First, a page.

If a large number of would-be iPad buyers were delaying purchases in anticipation of the new model and weren't able to get their hands on one due to shortages, then Apple could potentially come up short with iPad sales. For example, this screenshot I took on March 14 showed iPad shipping times of upward of two to three weeks, which could put delivery of those tablets into April -- and into the next fiscal quarter.

Hoping for a miss?
If Apple "misses" tomorrow and shares continue to slide, I would definitely consider it a buying opportunity. The company's fourth-quarter "miss" led to a 14% pullback over the following weeks and would have been an enviable entry point (as low as $363) for Cupertino's long-term growth story. On top of that, income investors can look forward to the iDividend starting next fiscal quarter.

Stay tuned for my full breakdown of Apple's digits on Wednesday.

Apple is just one of "5 Stocks Investors Need to Watch This Earnings Season." This free report will also outline four other companies that should be on your radar, including one that competes head-to-head with Apple on one of its most important fronts. It's totally free.

Fool contributor Evan Niu owns shares of, Apple, and Verizon Communications, but he holds no other position in any company mentioned. Click here to see his holdings and a short bio. The Motley Fool owns shares of The Fool owns shares of Apple. Motley Fool newsletter services have recommended buying shares of and Apple. Motley Fool newsletter services have recommended creating a bull call spread position in Apple. The Motley Fool has a disclosure policy. We Fools may not all hold the same opinions, but we all believe that considering a diverse range of insights makes us better investors. Try any of our Foolish newsletter services free for 30 days.

Read/Post Comments (3) | Recommend This Article (7)

Comments from our Foolish Readers

Help us keep this a respectfully Foolish area! This is a place for our readers to discuss, debate, and learn more about the Foolish investing topic you read about above. Help us keep it clean and safe. If you believe a comment is abusive or otherwise violates our Fool's Rules, please report it via the Report this Comment Report this Comment icon found on every comment.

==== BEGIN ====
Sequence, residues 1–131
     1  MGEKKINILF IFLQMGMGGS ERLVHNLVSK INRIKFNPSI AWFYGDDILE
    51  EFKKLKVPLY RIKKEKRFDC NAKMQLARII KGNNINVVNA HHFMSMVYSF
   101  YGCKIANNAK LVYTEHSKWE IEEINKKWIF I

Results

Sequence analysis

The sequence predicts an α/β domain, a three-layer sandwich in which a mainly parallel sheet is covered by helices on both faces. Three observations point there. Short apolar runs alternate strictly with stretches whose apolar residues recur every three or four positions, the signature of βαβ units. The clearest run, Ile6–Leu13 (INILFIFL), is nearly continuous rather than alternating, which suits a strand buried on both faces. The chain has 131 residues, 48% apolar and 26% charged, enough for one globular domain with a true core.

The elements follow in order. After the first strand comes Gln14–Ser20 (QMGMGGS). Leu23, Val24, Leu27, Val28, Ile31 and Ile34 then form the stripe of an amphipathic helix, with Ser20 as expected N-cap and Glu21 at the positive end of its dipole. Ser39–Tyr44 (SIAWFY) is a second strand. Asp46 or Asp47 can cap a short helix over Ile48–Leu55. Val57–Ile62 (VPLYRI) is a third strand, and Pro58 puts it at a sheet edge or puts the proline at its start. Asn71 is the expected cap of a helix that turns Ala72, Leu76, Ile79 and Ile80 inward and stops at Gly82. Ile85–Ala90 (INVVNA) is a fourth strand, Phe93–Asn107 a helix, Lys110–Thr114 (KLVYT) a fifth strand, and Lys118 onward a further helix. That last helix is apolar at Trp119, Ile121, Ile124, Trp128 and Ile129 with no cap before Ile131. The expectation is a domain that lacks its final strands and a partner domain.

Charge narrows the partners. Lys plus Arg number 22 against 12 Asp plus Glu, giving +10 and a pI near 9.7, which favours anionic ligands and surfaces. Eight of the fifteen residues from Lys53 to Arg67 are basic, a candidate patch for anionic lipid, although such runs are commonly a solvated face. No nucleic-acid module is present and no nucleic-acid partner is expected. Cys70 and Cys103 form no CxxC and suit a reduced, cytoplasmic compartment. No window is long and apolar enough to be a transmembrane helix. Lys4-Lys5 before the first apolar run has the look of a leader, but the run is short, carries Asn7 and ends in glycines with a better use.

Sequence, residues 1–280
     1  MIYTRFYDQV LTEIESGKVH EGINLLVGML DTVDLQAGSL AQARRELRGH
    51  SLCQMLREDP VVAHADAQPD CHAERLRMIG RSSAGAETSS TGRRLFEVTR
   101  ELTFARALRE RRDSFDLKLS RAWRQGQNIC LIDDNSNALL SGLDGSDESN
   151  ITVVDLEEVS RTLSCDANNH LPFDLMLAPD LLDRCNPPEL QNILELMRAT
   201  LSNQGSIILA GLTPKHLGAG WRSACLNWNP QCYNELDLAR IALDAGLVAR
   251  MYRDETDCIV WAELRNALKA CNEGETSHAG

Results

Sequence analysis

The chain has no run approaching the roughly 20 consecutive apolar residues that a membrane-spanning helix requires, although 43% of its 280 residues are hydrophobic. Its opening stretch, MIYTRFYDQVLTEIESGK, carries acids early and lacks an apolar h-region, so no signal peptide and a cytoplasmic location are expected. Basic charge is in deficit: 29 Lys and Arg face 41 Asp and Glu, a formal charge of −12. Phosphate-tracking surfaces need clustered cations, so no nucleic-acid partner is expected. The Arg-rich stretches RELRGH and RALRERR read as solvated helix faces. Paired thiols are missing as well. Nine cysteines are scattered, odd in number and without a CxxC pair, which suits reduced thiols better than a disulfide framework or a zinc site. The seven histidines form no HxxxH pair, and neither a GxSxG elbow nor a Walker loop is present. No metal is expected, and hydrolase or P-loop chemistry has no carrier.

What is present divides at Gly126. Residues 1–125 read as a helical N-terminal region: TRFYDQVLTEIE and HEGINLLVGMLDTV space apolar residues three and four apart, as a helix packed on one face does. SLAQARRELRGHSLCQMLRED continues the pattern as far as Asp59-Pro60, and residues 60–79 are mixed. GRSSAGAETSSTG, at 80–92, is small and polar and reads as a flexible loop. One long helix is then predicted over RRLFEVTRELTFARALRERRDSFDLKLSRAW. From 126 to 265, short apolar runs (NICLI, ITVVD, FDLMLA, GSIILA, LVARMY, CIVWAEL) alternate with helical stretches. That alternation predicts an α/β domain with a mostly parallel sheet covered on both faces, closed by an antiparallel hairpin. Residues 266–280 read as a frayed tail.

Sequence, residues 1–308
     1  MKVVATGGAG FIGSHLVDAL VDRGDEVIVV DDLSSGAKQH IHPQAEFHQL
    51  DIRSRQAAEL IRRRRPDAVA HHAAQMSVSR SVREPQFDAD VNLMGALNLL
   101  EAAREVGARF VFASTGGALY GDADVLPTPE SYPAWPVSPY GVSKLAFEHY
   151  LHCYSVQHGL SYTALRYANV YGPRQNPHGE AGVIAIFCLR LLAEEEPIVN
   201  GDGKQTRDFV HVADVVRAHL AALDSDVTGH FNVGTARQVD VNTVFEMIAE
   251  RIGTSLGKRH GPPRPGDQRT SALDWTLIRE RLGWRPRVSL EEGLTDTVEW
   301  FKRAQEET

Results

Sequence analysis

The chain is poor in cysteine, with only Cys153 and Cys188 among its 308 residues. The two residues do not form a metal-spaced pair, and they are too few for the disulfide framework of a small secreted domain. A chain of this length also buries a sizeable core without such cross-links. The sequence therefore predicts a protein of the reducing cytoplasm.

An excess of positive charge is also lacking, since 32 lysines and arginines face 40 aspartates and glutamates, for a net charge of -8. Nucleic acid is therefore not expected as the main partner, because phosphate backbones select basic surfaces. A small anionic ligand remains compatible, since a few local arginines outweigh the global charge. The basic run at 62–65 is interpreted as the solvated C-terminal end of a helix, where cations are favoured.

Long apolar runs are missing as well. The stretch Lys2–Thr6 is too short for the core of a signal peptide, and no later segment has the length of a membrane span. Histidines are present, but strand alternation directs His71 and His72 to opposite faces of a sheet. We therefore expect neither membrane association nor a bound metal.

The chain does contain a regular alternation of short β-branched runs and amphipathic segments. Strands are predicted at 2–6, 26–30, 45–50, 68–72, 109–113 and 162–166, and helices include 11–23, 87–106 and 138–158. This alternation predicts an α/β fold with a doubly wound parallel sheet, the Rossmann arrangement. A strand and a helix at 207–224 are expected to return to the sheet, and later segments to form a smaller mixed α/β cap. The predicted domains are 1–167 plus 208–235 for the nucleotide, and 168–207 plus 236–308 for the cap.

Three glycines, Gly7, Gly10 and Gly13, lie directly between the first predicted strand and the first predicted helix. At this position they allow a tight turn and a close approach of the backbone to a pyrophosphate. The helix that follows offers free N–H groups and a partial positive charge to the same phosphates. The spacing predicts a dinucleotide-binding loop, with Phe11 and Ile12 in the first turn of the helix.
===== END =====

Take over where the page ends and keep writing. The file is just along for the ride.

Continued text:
• Report this Comment On April 23, 2012, at 2:20 PM, smithd6789 wrote:

    This author will spin a total different "Apple is such a great company" story if a beat is recorded.

    Motley Fool is famous for the "provocative headline", usually it will be something pretty outrageous and then a quick backtrack when they are wrong (which is a coin flip with MF).

  • Report this Comment On April 23, 2012, at 2:27 PM, setht23 wrote:

    I actually thought the article was very neutral. The author brought up points from both sides and didn't seem to have a bias towards either view. Plus if Apple "misses" earnings that'll just mean it only grew by ~50% yoy. What a terrible outcome.

  • Report this Comment On April 23, 2012, at 3:08 PM, csk33019 wrote:

    There is a fallacy in expectations not being tied to a specific stock price point. These estimates were mostly written to support a share price over $600. These expectations would not support a $1,000 valuation, nor are they appropriate for a $1 valuation. I'd like to see a chart tying the levels of expectations to specific share prices.